Manning Hospital is trialling the use of sensory rugs and muffs for patients exhibiting complex behaviours, thanks to the craftsmanship and generosity of the Taree Craft Centre.
The trial is similar to the concept involving diversional therapy rugs for residents who have dementia with confusion, implemented in aged care facilities.
Manning Hospital excellence coach, Naomi Case said the textures, colours and sounds of these tactile items have had a soothing and calming effect on patients.
They have proven to be particularly effective for patients who have a dementia diagnosis and also for those experiencing acute episodes of confusion.
Post-operative patients, even those without dementia, can experience delirium with confusion and distressing behaviours for which diversional therapy can be very beneficial.
“Patients admitted to hospital with underlying dementias often are confused and can become quite agitated,” Ms Case said.
“This can be very distressing for the patient and their families, and presents challenges for staff whose goal it is to ensure their safety. Confusion and agitation pose significant risk to the patient, including falls, which in turn can result in further injury.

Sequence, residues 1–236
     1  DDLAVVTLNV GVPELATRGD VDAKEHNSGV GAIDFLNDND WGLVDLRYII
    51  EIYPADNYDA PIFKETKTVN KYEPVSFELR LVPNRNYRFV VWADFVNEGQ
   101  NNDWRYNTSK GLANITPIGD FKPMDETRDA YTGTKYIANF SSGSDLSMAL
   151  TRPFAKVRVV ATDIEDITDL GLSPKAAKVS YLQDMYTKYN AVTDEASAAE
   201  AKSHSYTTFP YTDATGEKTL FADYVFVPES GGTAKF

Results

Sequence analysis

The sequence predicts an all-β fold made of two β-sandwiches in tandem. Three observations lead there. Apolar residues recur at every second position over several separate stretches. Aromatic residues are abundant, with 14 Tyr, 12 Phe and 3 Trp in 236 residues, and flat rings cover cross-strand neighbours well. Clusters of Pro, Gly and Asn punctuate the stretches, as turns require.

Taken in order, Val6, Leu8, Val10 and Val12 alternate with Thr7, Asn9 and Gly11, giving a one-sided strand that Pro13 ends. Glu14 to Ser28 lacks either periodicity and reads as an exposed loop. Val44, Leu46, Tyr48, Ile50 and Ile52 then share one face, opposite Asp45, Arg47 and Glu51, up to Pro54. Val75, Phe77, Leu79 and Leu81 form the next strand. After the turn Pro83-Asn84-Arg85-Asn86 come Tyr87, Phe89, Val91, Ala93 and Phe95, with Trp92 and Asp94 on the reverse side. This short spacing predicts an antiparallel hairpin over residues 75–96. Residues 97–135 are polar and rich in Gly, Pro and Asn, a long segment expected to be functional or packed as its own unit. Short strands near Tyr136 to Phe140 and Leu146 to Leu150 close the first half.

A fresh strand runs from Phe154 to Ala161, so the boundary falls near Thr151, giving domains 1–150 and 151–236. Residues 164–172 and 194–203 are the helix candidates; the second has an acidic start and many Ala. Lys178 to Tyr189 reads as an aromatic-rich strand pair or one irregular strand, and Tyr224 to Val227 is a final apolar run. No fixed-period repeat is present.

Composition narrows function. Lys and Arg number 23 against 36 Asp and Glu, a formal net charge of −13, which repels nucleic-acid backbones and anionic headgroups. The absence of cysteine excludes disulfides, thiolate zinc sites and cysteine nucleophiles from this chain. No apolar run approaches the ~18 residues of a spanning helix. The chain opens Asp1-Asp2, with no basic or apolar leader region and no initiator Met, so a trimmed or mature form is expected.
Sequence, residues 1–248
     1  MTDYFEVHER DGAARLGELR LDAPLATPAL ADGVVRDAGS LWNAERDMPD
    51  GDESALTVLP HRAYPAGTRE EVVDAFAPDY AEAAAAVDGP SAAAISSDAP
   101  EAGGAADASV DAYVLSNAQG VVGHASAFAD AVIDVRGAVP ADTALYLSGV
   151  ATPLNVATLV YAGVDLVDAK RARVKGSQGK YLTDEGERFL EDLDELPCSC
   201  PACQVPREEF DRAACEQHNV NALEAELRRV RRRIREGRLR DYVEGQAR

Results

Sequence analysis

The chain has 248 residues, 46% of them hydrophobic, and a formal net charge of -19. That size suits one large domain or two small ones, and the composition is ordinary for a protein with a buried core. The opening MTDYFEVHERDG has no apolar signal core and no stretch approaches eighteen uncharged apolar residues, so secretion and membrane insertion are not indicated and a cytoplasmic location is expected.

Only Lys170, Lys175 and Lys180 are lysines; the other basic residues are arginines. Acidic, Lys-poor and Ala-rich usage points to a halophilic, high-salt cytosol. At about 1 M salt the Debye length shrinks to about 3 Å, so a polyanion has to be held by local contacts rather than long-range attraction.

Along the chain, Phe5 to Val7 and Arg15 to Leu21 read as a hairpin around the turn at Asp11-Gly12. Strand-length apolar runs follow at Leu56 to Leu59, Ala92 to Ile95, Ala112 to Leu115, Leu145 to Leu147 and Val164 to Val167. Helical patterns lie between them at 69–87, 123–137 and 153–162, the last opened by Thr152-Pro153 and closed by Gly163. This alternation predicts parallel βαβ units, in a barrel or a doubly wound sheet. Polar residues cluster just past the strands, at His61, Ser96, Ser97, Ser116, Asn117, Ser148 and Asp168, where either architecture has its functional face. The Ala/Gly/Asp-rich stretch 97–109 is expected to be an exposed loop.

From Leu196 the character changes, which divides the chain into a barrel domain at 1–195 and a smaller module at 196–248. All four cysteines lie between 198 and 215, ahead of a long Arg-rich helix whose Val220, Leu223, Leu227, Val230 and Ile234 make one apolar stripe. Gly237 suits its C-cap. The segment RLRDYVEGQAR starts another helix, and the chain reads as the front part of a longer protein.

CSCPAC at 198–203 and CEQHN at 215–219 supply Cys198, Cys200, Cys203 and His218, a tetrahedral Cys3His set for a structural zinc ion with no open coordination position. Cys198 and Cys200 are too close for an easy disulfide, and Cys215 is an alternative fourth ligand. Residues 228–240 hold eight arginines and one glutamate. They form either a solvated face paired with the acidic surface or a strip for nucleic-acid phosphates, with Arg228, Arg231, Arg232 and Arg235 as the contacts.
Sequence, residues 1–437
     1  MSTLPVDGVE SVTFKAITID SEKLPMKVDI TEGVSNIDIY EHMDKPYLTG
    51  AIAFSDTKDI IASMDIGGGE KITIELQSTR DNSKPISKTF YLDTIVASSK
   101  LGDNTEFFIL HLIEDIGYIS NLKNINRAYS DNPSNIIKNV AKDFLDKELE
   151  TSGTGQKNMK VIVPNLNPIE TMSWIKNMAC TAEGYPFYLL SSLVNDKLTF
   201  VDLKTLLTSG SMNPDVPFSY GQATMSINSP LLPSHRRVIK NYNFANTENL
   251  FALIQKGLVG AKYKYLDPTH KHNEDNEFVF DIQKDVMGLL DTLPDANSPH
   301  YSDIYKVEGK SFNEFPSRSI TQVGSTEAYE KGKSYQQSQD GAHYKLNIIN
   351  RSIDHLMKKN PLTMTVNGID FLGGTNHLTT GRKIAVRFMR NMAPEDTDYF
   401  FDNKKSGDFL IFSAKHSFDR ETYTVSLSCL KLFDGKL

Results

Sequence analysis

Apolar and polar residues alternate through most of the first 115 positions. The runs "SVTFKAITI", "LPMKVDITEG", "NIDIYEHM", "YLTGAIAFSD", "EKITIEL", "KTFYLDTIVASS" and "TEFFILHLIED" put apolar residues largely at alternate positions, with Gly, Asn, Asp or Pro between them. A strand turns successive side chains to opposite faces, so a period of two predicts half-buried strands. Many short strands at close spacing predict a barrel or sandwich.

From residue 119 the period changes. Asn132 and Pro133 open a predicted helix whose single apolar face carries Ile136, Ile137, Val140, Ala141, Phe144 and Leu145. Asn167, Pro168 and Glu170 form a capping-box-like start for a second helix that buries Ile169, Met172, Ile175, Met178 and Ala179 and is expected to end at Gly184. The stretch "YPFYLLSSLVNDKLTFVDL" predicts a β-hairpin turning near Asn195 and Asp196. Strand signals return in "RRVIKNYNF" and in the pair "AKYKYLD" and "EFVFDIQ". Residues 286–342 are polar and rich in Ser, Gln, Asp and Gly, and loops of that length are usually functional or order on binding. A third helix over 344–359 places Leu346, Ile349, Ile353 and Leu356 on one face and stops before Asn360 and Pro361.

“Thanks to the positive work of the volunteers at the Taree Craft Centre, we have been able to provide our more complex confused patients with the Sensory Diversional Therapy mats and muffs to help ease their anxiety during this challenging time.”
Ms Case said this strategy has been very positive with noticeable reductions in challenging behaviours in these patients.
“Providing sensory aids helps patients to settle into hospital and remain calm, which also aids their treatment when admitted, reducing angst and distress for loved ones,” Ms Case said.
Bianka Jesse, from the Craft Centre in Taree said it was a pleasure to provide these items.
“Not only do we enjoy the process of creating the sensory mats, but to then know that they are making a difference is very rewarding,” Ms Jesse said.
“This is a great example of how a simple gesture can have such a great impact on the lives of many,” Ms Case said.
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